Michael Showalter does a great job of showing off the pomp and theatricality of being a televangelist. It was great to see how conservative pastors felt, especially during this time, about trying to win the “war on television.” Many conservative Christians did not care to watch television especially past a certain time and Jim Bakker wanted to change that. This film does a great job exploring how he did that and I appreciate Showalter making it feel interesting to a degree. The movie does speed along at a decent pace never resting too much on its laurels and does a great job incorporating the montage to explore the quick periods from the beginning of PTSL to it becoming the largest Christian network in the world. Not many films make use of montages in modern times and I’m glad to see a director take the time to make it work.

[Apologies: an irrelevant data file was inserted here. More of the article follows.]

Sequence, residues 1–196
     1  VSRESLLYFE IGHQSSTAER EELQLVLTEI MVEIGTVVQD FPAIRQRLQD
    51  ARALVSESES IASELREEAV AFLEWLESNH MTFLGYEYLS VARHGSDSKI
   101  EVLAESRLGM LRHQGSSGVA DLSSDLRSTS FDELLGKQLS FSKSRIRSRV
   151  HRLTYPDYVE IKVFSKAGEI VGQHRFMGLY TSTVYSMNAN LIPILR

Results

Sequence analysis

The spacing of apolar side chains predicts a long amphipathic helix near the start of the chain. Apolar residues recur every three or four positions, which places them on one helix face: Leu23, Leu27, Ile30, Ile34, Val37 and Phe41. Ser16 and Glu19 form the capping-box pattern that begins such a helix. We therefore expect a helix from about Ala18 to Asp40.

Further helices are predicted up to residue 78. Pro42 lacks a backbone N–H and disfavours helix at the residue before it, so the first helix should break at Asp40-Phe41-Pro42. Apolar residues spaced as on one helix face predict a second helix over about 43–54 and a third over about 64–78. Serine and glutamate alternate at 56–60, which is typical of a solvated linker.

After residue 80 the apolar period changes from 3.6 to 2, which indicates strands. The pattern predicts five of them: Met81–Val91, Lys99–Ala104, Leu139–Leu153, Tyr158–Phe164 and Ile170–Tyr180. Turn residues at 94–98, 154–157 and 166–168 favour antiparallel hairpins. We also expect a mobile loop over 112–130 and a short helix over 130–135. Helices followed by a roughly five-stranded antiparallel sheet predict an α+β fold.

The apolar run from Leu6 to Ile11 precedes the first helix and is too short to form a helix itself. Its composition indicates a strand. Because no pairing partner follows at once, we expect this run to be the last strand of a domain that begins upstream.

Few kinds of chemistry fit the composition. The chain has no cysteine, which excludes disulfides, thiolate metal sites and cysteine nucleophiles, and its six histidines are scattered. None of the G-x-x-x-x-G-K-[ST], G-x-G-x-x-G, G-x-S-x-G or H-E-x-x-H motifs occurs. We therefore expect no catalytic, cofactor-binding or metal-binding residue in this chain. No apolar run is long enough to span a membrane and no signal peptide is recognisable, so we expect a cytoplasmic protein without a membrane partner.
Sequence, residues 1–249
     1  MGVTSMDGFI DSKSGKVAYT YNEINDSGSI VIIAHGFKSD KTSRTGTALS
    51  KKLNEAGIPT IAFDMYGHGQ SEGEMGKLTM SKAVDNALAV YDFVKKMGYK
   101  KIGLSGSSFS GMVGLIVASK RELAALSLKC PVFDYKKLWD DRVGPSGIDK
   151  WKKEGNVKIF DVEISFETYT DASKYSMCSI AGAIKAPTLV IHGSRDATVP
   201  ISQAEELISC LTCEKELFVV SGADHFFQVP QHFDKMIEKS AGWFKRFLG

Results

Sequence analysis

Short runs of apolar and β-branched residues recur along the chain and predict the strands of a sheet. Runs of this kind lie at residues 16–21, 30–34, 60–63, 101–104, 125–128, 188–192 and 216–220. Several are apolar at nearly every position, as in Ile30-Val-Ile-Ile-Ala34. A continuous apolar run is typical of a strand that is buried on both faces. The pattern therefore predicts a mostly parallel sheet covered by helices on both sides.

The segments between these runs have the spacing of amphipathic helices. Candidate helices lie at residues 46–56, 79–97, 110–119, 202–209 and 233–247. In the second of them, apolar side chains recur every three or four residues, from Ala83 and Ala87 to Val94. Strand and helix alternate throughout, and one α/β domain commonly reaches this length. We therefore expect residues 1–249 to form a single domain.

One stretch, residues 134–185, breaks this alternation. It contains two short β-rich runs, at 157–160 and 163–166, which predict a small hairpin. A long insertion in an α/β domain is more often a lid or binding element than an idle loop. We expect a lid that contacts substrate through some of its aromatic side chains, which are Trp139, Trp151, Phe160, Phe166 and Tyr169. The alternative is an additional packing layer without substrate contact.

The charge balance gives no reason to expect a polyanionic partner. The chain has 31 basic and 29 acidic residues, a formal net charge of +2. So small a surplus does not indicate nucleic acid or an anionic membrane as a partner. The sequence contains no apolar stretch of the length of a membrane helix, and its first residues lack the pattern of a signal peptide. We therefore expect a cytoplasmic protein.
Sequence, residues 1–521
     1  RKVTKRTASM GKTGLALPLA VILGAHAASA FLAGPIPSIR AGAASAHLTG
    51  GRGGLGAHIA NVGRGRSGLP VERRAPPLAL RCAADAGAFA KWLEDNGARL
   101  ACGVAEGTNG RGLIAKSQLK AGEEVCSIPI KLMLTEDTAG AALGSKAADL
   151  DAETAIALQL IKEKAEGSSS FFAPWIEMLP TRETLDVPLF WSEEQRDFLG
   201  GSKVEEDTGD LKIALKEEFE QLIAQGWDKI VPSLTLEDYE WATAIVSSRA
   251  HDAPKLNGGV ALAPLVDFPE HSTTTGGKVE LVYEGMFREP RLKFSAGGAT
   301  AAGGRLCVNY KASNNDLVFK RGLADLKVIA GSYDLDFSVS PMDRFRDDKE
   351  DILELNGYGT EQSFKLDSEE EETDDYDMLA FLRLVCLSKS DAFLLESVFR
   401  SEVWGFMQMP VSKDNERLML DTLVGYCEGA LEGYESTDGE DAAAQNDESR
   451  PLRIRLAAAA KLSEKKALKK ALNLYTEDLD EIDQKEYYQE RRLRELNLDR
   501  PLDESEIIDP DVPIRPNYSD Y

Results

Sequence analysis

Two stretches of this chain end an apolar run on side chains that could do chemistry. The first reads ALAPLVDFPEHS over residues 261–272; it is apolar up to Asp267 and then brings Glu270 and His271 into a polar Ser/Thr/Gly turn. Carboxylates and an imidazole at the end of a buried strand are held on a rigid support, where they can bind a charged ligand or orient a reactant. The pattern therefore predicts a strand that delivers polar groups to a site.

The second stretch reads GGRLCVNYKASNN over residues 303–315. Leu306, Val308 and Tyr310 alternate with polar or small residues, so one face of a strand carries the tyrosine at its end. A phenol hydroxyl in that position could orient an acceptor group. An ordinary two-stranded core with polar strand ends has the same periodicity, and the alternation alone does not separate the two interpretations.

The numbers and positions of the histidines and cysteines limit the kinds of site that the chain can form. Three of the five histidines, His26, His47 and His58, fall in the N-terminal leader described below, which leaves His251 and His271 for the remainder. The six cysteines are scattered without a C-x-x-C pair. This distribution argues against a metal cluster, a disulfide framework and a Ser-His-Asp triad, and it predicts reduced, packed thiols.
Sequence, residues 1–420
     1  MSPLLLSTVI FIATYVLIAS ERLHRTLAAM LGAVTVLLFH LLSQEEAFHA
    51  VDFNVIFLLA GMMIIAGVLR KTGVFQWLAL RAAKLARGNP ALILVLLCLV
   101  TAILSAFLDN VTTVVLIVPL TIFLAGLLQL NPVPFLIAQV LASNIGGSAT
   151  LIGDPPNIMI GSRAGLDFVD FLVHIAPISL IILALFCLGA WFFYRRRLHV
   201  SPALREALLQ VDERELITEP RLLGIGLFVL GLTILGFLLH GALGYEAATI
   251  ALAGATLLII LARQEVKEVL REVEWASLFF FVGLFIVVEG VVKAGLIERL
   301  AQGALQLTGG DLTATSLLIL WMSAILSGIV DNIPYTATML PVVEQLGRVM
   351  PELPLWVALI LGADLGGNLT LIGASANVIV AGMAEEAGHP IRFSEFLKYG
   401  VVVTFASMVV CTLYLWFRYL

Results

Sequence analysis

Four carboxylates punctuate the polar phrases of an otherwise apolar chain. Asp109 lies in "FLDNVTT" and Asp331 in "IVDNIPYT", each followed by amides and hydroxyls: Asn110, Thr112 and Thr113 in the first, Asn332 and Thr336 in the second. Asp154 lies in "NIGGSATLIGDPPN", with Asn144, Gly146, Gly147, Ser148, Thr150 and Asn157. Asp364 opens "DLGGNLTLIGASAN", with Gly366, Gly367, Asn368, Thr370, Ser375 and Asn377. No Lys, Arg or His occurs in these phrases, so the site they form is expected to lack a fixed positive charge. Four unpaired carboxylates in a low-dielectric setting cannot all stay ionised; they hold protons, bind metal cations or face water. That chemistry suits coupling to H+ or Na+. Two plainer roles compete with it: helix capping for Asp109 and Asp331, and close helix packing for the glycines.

Jessica Chastain does a great job emulating Tammy Faye. We are with her from a young age and see how she was treated as the child of a divorced family. It is heartbreaking to see how Christians viewed divorce in her small town. Her mother, Rachel, was shown to be afraid to even bring Tammy Faye to church feeling it would bring up conversations about her divorce. Going as far as to tell Tammy that the only reason she was allowed back is that she is the best piano player. Understandably, she was afraid, but to deny her daughter the chance to go to church is very selfish and unchristian-like behavior. There are also hints of conservative Christian views on the makeup that women wear along with same-sex relationships. Where Tammy Faye thought all these things were okay as long as you were a child of God and you love Jesus Christ as much as the next Christian, others were not as open to the idea. While the viewer is never made aware of exactly how much Tammy Faye knew about what was going on you do feel for her when things start to go south. All she wanted to do was help people and feel loved. Something made evident from seeing her backstory, so the viewer sides with her when she’s hurting. You feel for her when people make fun of her and only a great actress can pull off making the viewer feel such empathy. Chastain also does a great job mimicking the voice and mannerisms of Tammy Faye to an extent that it is hard to tell them apart. That being said, you can tell them apart by their facial features. Jessica Chastain does not look much like Tammy Faye so they put cheek prosthetics and makeup on her face to make her look more like the televangelist. Throughout the film, Chastain’s cheeks look puffy like a chipmunk and I feel that she is such a great actress that the prosthetics weren’t necessary. She could have easily gone without them and carried the performance with her talent alone.